Full disclosure: I’ve had this idea saved as a blog draft for more than a year now. As I’ve become more and more obsessed with Mad Men, the AMC drama about New York ad execs in those flashy ’60s suits, my imagination seemed to take on a life of its own. And now that we’re nearing the home stretch of the series (hello, 1970…), the “how will it all end? ” speculations are already in full swing. So many things have happened over the last seven years. After all, we got the first inkling way back in season one that the devastatingly alluring Don Draper wasn’t exactly who he said he was, and you all know that I’ve wrestled with my love-hate feelings for Mr. Draper. Needless to say, I’ve invested my heart and soul in this show, so to give it a proper send-off into the analogues of TV history, here are five endings I’d write into the final scripts, if only show creator Matthew Weiner would let me borrow his pen…
1. Don and Peggy end up together: Yes, I know I’m probably the only person on the planet who sees this as a viable ending, but these two have had a special relationship ever since Peggy picked up that stenographer’s notebook as Don’s secretary. They’ve become more or less equals over the years, and Peggy could help Don get his life back on track. And remember that episode last season when they were working late and ended up dancing in the office? THERE WAS A MOMENT THERE…I swear! I picture them settling down, maybe in a swanky Manhattan loft, and becoming one of New York’s hottest power couples. Equal, of course!
2. Peggy becomes head of Sterling Cooper & Partners: It’s been nothing short of inspiring to watch Peggy rise through the ranks of the ad agency, going from entry-level secretary to junior copy writer to copy chief. She knows who she is and what she wants in an age when the Women’s Liberation Movement was just starting to gain steam. There’s no doubt that she’d be a driving force in the movement, paving the way for career women everywhere. Thanks, Peggy! By the ’80s, Don and Peggy have turned into suburban parents alternating between driving their daughter to soccer practice and dreaming up catchy slogans for Hammer pants and Cabbage Patch Kids.
3. Sally and Megan thoroughly enjoy the ’70s lifestyle: Sally comes of age and wants to break free from everything she’s ever known — her family, her past, maybe even herself. She spends most of the early ’70s hitch hiking across the country and trying to find herself. She even ends up having a fun tryst with Glen when they run into each other at a Love In in Berkeley. By the early ’80s, she’s found her love as a professor of women’s studies at NYU, where she specializes in mother-daughter relations. Megan, meanwhile, comes back to New York and falls into the Studio 54 scene after her rise in Hollywood leaves her jaded and bitter. She needs to let off some steam, and boy does she ever. She finds a home under those bright disco lights and enjoys a modest singing career during the heyday of Disco Fever. Her 1990 autobiography, Zou Bisou Bisou, reveals the hidden dark years and depression she experienced following her split from Don.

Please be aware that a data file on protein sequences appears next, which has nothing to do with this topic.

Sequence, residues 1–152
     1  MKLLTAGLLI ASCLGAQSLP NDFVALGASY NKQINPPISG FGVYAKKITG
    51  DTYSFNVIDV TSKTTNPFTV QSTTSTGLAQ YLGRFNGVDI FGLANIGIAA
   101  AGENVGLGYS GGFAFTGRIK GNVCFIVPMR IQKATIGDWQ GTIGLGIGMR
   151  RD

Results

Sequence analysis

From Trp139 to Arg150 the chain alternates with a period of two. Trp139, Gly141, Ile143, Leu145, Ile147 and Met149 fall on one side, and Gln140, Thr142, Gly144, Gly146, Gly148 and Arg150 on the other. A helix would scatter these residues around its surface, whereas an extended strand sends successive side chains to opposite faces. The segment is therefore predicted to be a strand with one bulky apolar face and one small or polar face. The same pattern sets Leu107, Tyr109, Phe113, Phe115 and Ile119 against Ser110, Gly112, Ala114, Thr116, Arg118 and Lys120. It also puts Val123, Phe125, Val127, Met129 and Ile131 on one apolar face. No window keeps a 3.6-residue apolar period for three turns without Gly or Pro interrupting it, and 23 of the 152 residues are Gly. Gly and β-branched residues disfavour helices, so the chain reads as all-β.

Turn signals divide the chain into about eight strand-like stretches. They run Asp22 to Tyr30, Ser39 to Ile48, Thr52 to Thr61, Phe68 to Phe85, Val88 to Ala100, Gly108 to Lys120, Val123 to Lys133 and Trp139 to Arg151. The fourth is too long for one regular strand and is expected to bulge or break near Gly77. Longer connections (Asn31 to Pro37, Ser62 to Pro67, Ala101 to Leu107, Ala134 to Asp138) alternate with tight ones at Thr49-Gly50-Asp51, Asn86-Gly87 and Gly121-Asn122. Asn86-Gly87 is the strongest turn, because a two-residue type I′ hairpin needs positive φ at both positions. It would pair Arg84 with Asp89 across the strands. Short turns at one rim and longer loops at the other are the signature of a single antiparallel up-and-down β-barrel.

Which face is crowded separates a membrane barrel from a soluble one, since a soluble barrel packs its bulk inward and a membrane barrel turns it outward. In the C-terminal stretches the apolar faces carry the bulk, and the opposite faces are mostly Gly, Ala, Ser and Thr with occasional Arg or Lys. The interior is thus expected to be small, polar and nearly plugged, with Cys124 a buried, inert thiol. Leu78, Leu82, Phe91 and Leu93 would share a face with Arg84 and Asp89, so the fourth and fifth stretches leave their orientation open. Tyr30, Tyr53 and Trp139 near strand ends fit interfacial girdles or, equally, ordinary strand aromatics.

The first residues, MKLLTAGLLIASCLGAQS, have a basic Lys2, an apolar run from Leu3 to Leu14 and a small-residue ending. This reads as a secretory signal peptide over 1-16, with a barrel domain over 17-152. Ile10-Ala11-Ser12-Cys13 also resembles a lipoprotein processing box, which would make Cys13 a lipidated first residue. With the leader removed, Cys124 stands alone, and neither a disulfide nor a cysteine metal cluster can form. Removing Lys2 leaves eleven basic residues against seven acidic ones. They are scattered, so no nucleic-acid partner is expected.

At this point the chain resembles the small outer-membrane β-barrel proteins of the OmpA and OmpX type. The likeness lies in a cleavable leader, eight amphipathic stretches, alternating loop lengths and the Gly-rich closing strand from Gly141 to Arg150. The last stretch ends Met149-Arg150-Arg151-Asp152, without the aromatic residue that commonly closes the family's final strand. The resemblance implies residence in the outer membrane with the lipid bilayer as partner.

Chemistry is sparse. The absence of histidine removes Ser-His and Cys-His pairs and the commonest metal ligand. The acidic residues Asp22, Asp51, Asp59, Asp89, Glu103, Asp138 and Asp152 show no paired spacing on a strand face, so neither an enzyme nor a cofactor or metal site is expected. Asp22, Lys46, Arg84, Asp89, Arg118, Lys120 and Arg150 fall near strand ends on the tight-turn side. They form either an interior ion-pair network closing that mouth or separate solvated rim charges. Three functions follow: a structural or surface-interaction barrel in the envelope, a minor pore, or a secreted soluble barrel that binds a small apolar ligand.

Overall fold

4. Betty becomes Weight Watcher national spokesperson and pioneers the Prozac trend: Betty, who has always wanted to make her mark on her own terms, finally divorces that stuffed shirt named Henry Francis and finds fulfillment as a spokesperson for Weight Watcher for much of the ’70s. As her chronic depression and generally apathy about life continue to take over her life, she enrolls in one of the first trials for a new drug called Prozac. She’s skeptical at first, but with the gentle assurance of her therapist, she begins taking it and her life is transformed forever. Her first smile is captured on camera, thrusting her into yet another spokesperson role.
5. Joan thrives as a single mother: By the mid-’70s, she’s let go of any lingering feelings she had for Roger Sterling. They tried the whole couple thing and realized they were just too different. Joan takes the skills she honed at Sterling Cooper & Partners and opens her own ad agency with women at the forefront. After winning a slew of media awards, she sees the inherent value in the future of computers and becomes an early investor. She helps make cougars a pop culture staple and even secures her own reality show on the topic, proving once and for all that women can be both fiercely independent and enjoy the company of men.
**Oh, and as for Pete Campbell? His dreams of making history in the advertising industry are never fully realized and he eventually becomes Joan’s secretary.
**Ken Cosgrove becomes the first recipient of a full eye transplant. The entire Sterling Cooper & Partners family is reunited when he throws a huge bash to debut his new look, sans eye patch!
Well, friends, what do you think? How would you like Mad Men to end? Any predictions you’d like to make? Who’s been your favorite characters over the years? Anyone you’ve come to hate? Let’s talk all things Mad Men! xoxo